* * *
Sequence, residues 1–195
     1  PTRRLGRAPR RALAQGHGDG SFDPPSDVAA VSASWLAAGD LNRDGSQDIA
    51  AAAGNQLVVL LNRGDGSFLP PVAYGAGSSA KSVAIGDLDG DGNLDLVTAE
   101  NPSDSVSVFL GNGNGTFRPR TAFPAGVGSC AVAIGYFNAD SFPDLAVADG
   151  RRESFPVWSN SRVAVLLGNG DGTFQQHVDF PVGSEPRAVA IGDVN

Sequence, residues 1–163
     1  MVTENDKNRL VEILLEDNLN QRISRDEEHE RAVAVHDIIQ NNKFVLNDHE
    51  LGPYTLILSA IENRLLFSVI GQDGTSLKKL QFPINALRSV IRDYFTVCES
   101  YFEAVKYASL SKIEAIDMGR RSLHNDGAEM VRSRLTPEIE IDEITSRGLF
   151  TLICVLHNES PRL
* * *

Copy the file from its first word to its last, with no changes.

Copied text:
Sequence, residues 1–195
     1  PTRRLGRAPR RALAQGHGDG SFDPPSDVAA VSASWLAAGD LNRDGSQDIA
    51  AAAGNQLVVL LNRGDGSFLP PVAYGAGSSA KSVAIGDLDG DGNLDLVTAE
   101  NPSDSVSVFL GNGNGTFRPR TAFPAGVGSC AVAIGYFNAD SFPDLAVADG
   151  RRESFPVWSN SRVAVLLGNG DGTFQQHVDF PVGSEPRAVA IGDVN

Sequence, residues 1–163
     1  MVTENDKNRL VEILLEDNLN QRISRDEEHE RAVAVHDIIQ NNKFVLNDHE
    51  LGPYTLILSA IENRLLFSVI GQDGTSLKKL QFPINALRSV IRDYFTVCES
   101  YFEAVKYASL SKIEAIDMGR RSLHNDGAEM VRSRLTPEIE IDEITSRGLF
   151  TLICVLHNES PRL